During the meetings, Solís takes on average 10 minutes to explore and answer each question, and while he does so for approximately two hours, he cannot attend to all of the audience s inquiries.
However, PAC youth have determined that each question must get an answer. They lug two computers to the events and when it appears time won t permit Solís to answer all of the questions, they start fielding them. Using their computers, they search the PAC platform and previous Solís answers to find appropriate responses for audience members, and then print them up.
Every question gets an answer, Solís said.
Looking Costa Rica In the Eye
WEAVING in and out of clotheslines, sneaking down dark passageways and stepping into musty living rooms is how Libertarian Movement candidate Otto Guevara does his campaigning.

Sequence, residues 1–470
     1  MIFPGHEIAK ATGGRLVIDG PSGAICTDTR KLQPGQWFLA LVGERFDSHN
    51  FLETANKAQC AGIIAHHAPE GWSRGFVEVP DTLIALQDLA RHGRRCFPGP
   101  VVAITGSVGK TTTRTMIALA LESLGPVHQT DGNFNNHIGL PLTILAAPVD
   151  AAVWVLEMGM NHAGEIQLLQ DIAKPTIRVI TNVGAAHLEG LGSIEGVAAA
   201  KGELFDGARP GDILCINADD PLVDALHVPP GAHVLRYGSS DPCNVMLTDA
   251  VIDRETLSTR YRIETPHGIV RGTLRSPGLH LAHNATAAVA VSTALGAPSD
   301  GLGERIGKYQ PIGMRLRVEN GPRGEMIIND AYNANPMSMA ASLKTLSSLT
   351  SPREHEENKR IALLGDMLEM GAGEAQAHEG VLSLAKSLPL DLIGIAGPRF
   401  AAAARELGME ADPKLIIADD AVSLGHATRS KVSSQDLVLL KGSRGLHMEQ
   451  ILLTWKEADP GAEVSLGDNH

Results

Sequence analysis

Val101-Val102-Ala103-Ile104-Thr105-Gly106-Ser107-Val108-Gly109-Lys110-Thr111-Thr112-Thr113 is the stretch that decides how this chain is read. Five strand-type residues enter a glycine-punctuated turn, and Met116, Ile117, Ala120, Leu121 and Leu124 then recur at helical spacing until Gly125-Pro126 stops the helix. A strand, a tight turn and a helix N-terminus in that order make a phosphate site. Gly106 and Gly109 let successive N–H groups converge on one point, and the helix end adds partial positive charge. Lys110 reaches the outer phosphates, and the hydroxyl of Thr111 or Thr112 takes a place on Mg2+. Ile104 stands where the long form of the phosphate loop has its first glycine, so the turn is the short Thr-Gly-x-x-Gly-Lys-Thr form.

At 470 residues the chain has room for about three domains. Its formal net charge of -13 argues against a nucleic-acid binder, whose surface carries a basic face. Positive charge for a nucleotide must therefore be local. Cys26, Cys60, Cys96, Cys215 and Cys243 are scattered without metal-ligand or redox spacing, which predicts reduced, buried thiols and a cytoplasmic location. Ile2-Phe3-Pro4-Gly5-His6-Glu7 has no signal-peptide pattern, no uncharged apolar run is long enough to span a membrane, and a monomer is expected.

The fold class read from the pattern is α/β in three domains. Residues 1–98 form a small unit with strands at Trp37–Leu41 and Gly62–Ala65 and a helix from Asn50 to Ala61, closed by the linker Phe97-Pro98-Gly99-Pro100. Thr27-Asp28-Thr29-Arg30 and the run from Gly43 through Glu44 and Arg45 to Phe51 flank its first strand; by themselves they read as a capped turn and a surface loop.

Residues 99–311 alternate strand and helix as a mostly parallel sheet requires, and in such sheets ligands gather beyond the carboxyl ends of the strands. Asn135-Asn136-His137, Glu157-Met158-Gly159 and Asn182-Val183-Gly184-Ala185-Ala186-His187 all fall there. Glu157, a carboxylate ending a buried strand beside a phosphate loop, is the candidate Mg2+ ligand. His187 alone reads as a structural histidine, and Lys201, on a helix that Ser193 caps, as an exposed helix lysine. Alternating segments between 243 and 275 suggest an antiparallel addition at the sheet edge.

The candidate who is commonly described as dashing likes to look his voters in the eyes with his intense gaze, assure them he has the answer to rescue them from their misery, and, of course, give them a little beso.
With the exception of television, radio and billboard ads, Guevara s entire campaign is based on going door to door in some of the country s poorest neighborhoods and asking for votes one by one.
On a visit last week to the impoverished neighborhood of Bajo los Ledezma, west of San José between Pavas and La Uruca, Guevara told residents he would help them get property titles to the government land they have occupied for 22 years.
With a property title you can qualify for a housing grant to build a home, Guevara said, explaining the reasoning behind the party s call for increased privatization of property.